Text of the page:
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Votes Show Pension Reform a Long Way Off PDF Print E-mail
Commentary/Politics - Illinois Politics
Written by Rich Miller   
Sunday, 10 March 2013 05:40

House Speaker Michael Madigan was hoping on March 7 to avoid the same results as the previous week.

Back then, one of his pension-reform proposals received just one vote – his own. None of his other pension amendments received more than five votes.

That wasn’t supposed to happen. Members of his leadership team thought some of those amendments would get at least a few dozen votes. Oops.

Making matters worse, the House Republicans refused to even participate in the process, with not a single member voting up, down, or “present” on Madigan’s amendments.

Asked about the GOP refusal to vote, Madigan on last Wednesday’s Illinois Lawmakers television program said he believed the Republicans had made a “mistake.”

“They’re elected,” Madigan told host Jak Tichenor. “And their electors tell them to come here and vote. They don’t tell them to come here and not participate.”

 
Master Madigan Botches His Attempt at “Leadership” PDF Print E-mail
Commentary/Politics - Illinois Politics
Written by Rich Miller   
Sunday, 03 March 2013 05:16

Nobody ever really knows what’s going through the head of Illinois House Speaker Michael Madigan except for Madigan himself. So the actual purpose behind last week’s highly choreographed gun-control and pension-reform debates – ordered up by Madigan – wasn’t completely clear to anyone.

That’s by design, of course. Madigan prefers to keep people in the dark until he’s ready to make his final move.

But I did hear one theory from a Democrat that made quite a bit of sense – at least for a while.

 
General Assembly Faces Difficult Questions on Concealed Carry PDF Print E-mail
Commentary/Politics - Illinois Politics
Written by Rich Miller   
Sunday, 24 February 2013 05:04
Illinois House Democrats were told during a private caucus meeting in Springfield last week that, despite what Cook County State’s Attorney Anita Alvarez says, inaction on concealed carry would have very serious consequences.

A federal appellate court has given the General Assembly until June 8 to pass a new law allowing some form of public carrying of loaded weapons. After that deadline, Illinois’ laws against public carrying would be struck down. Illinois is the only state in the nation that totally bars concealed or open carry by citizens.

However, an aide to Alvarez told the House Judiciary Committee last week that the federal appellate ruling means nothing to the state.

 
Governor’s Bad Week Includes Horrible Polls, Key Departure PDF Print E-mail
Commentary/Politics - Illinois Politics
Written by Rich Miller   
Sunday, 17 February 2013 05:39

“Off topic? I can’t imagine what that would be,” cracked Governor Pat Quinn last week during a press conference. Just hours before, his lieutenant governor had announced that she would not be his 2014 running mate.

Quinn usually does a pretty good job during his press conferences of convincing reporters to wait to ask off-topic questions until all questions about the subject at hand have been asked. Last week was no exception.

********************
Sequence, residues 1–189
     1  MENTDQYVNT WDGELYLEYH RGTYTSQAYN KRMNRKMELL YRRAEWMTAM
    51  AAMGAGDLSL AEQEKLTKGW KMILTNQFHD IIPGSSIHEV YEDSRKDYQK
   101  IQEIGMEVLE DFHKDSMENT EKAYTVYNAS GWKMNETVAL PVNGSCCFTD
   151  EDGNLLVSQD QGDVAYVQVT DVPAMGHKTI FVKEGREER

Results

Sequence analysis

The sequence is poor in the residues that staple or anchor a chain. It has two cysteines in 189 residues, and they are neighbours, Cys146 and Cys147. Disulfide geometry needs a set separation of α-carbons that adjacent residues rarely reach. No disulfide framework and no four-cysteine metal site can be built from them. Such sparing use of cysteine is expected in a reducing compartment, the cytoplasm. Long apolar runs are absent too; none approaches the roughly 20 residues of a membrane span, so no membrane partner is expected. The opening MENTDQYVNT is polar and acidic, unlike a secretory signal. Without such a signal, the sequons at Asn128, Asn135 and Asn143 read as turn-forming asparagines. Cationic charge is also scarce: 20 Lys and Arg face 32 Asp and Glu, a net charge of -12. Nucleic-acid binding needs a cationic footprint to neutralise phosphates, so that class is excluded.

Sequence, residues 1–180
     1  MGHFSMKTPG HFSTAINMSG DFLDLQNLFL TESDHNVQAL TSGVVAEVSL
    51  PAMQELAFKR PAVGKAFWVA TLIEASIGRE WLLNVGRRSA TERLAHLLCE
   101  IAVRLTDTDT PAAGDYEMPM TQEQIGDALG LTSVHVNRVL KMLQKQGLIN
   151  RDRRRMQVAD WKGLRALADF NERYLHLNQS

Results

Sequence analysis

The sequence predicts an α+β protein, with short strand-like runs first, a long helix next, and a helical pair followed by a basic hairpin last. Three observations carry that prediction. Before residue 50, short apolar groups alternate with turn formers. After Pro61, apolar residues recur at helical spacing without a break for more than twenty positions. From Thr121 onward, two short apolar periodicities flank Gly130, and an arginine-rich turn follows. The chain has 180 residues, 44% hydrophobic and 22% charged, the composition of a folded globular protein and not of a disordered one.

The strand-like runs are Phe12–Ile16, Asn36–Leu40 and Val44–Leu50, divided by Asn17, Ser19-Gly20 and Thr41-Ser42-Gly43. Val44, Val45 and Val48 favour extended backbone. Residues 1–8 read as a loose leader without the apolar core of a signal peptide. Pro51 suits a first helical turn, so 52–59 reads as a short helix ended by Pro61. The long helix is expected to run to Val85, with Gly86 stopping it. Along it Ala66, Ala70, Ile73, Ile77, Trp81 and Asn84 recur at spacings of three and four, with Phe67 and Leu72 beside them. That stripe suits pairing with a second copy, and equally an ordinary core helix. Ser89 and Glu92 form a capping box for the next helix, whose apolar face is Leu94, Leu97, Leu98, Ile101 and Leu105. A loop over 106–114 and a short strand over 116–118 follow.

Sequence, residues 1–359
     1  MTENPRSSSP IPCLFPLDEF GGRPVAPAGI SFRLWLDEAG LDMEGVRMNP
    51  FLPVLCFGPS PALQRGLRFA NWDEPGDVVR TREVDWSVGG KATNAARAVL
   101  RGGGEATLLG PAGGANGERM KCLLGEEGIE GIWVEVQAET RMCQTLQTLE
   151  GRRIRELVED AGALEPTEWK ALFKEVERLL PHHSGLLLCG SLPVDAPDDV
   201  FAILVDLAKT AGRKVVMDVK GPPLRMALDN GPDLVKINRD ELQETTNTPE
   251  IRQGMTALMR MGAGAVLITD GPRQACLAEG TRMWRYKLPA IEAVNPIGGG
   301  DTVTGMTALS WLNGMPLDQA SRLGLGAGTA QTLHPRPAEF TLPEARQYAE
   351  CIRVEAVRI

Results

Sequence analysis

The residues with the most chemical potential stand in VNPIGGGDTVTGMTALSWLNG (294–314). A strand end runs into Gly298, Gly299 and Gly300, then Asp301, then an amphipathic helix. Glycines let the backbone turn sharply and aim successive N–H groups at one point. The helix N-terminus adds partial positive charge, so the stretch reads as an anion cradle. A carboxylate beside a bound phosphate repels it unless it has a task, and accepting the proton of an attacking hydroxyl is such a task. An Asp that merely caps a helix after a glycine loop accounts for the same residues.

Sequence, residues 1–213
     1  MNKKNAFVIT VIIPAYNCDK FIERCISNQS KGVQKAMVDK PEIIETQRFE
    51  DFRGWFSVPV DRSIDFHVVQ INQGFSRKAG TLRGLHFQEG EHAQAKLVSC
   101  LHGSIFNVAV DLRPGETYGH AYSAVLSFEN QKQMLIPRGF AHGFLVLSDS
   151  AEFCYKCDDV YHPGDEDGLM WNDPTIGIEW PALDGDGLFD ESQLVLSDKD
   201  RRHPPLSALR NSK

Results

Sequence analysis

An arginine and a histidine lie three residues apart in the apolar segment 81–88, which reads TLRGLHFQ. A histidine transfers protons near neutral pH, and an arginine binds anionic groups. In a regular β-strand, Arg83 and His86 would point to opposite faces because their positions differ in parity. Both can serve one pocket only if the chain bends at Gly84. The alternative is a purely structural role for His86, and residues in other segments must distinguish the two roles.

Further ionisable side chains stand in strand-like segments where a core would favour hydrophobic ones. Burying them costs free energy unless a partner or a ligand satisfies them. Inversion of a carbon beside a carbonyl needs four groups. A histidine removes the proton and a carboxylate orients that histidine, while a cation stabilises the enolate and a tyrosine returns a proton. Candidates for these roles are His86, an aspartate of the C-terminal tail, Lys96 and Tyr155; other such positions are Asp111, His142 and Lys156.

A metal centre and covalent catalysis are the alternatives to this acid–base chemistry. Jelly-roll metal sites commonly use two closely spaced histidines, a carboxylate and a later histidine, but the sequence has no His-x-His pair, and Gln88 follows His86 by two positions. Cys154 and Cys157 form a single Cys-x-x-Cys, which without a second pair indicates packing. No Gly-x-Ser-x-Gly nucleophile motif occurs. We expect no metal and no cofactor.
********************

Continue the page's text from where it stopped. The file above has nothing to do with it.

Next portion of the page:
Quinn was holding a presser with U.S. Department of Health & Human Services Secretary Kathleen Sebelius to discuss her conditional approval allowing Illinois to move forward with an online health-insurance exchange – a major step toward implementing the president’s national health-care plan.

“You could get caught by stray bullets,” Quinn jokingly warned the folks who had gathered with him to make the announcement. “You don’t have to be part of the firing squad,” he added with a laugh.

He knew what was coming. Earlier in the morning, the Paul Simon Public Policy Institute had released a poll showing that Quinn was badly trailing Lisa Madigan in a hypothetical primary matchup. By mid-morning, the late Senator Simon’s daughter, Sheila, had announced that she wouldn’t be running with Quinn again. Simon’s aides said she didn’t know about the poll from her father’s think tank, but the irony wasn’t lost on those of us who watch these things.

 
The Fallacy (and Challenge) of “Our Illinois” PDF Print E-mail
Commentary/Politics - Illinois Politics
Written by Rich Miller   
Sunday, 10 February 2013 05:39

Governor Pat Quinn used the phrase “our Illinois” (or a variation) almost 30 times last week during his State of the State address

“In our Illinois, everyone should have access to decent health care.”

“In our Illinois, working people find good jobs not just for today but for tomorrow.”

“In our Illinois, we find a way to get hard things done.”

In our Illinois, we are a “community of shared values.”

While the phrase was mainly just a rhetorical device for a constitutionally mandated annual address, it is important to point out that Illinois isn’t really “one” and doesn’t have all that many “shared values.”

“Our Illinois” means a lot of different things to a lot of different people.

Imagine trying to govern a state so diverse that it included both Boston, Massachusetts, and Richmond, Virginia.

 
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